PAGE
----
A Tribute To My Son, Dante.

 

Today, October fifth, marks the thirteenth anniversary to the day that I was admitted into the hospital with my first baby. I had gone into labor at 23 weeks. They said if he comes now, he won’t make it.

It all started when I thought I was having contractions. I called my doctor and they said Braxton hicks (fake labor) were normal. When I went in for my doctor appointment, we found out that I was already in labor and three of ten cm dilated. The amniotic sack was hanging out of my uterus and could potentially ‘pop’ at any moment. He then immediately sent me straight to the hospital.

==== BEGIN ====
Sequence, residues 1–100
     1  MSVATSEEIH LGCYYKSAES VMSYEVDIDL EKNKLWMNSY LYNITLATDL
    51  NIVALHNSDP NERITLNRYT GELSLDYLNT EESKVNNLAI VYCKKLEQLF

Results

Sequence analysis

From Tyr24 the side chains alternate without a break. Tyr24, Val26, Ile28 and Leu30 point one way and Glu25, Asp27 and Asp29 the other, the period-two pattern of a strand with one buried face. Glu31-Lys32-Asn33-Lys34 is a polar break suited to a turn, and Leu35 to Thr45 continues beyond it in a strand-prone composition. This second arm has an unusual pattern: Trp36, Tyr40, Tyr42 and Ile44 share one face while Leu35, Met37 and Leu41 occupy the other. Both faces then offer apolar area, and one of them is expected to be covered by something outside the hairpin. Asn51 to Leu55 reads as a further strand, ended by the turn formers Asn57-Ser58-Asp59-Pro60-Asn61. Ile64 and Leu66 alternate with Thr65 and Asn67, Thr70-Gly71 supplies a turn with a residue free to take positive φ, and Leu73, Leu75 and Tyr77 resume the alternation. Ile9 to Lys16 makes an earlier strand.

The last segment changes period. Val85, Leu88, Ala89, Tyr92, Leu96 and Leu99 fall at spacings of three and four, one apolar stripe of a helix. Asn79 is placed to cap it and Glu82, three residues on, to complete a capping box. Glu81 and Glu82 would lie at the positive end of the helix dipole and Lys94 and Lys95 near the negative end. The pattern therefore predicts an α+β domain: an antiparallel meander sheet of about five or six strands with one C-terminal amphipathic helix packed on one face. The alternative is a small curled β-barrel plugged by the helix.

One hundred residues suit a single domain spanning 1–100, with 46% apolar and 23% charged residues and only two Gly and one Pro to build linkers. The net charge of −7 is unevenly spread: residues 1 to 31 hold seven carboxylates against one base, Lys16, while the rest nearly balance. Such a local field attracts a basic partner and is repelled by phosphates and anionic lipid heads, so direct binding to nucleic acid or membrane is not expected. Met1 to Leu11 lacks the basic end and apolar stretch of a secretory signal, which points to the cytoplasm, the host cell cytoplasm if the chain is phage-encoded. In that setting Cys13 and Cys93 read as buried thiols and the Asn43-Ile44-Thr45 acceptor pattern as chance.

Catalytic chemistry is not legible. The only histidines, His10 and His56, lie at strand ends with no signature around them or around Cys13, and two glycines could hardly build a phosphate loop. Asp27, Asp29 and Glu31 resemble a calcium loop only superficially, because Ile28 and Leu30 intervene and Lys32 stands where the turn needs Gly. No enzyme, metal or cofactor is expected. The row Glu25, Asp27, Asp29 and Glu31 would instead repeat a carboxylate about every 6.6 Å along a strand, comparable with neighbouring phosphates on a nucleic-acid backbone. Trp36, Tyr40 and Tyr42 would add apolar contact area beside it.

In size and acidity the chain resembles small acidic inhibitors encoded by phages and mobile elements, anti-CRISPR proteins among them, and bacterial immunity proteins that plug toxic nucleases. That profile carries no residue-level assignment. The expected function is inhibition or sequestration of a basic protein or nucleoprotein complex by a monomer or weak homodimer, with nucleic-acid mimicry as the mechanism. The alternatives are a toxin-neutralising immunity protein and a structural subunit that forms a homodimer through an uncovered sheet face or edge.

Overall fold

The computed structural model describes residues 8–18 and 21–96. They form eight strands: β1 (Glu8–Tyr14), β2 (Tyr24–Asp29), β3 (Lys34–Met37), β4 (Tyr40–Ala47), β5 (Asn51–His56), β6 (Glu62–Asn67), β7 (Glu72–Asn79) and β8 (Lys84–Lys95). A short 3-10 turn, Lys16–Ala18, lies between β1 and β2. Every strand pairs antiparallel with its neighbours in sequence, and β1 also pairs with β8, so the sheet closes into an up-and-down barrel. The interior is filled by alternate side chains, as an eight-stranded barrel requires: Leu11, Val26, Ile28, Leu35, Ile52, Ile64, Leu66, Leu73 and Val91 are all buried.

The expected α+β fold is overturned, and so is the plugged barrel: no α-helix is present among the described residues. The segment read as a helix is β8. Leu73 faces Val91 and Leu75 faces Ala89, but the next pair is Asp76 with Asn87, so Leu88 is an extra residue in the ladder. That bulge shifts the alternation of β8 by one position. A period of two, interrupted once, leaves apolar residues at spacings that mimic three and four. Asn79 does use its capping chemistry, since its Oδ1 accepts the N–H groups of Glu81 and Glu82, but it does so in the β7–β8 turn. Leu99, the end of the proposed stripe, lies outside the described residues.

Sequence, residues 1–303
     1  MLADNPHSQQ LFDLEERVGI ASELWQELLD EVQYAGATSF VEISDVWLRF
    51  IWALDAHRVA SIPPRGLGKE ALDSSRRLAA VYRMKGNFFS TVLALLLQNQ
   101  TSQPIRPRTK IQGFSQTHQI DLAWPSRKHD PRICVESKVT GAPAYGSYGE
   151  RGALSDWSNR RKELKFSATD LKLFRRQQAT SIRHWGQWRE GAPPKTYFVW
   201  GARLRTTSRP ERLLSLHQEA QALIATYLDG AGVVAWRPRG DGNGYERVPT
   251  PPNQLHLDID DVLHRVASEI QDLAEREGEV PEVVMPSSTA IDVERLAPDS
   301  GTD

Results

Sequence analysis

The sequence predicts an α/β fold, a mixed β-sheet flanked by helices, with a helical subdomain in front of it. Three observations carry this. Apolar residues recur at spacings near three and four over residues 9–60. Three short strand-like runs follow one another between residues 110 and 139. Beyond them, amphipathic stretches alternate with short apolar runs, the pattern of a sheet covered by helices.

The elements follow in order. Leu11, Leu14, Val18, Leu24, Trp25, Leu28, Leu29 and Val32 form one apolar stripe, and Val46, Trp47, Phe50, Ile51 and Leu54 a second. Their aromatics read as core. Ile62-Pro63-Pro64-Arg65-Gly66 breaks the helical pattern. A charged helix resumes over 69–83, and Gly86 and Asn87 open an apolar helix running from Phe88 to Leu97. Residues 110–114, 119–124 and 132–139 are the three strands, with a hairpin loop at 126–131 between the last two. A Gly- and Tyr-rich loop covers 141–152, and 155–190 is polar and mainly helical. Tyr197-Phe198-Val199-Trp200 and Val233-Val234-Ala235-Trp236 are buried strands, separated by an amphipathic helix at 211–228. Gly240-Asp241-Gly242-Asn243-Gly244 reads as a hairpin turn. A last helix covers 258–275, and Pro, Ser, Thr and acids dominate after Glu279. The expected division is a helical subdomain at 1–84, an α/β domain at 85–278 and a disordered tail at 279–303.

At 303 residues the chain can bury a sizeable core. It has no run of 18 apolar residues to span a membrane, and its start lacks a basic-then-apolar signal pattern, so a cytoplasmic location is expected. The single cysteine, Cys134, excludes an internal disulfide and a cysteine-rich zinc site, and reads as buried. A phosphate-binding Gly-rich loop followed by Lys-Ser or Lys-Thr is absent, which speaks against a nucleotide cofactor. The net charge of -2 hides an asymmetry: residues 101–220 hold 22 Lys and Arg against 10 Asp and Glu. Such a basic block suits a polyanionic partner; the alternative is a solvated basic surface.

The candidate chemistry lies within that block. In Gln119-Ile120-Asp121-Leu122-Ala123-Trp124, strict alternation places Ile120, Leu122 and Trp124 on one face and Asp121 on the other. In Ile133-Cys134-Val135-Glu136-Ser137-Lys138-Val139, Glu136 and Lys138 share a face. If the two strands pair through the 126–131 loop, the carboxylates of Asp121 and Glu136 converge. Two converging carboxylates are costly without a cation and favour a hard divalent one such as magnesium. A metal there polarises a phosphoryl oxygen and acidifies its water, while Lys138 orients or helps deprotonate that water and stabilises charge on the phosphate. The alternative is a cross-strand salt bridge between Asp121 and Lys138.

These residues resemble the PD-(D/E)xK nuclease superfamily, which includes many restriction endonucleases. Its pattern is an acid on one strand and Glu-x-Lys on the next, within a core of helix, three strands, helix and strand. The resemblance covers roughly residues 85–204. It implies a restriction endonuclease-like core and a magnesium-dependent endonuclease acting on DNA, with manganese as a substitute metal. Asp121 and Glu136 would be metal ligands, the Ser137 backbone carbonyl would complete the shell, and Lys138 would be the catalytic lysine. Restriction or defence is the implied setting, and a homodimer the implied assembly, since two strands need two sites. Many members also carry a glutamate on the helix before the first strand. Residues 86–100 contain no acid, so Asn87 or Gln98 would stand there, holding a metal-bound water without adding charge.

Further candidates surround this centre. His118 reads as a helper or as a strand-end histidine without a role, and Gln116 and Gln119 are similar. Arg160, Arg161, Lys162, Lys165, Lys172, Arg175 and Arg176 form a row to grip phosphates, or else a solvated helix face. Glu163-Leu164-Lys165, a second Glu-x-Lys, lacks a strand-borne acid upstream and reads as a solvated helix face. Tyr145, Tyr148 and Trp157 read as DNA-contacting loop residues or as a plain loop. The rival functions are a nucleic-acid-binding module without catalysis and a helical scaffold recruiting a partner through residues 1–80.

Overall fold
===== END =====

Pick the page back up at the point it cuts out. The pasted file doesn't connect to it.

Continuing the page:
The first day at the hospital was pretty scary. I was young and had never really experienced a situation like this. I didn’t know what I was up against. I wish I had been older, smarter and more educated about what was going on with my body and most importantly my son. Don’t get me wrong the nurses and doctors tried to explain as best they could. I remember thinking ‘he will be ok. No way is my luck this bad.’ Turns out, it was. I spent two long weeks in the hospital only allowed to get up to shower. I had many visitors during those two weeks to help pass the time.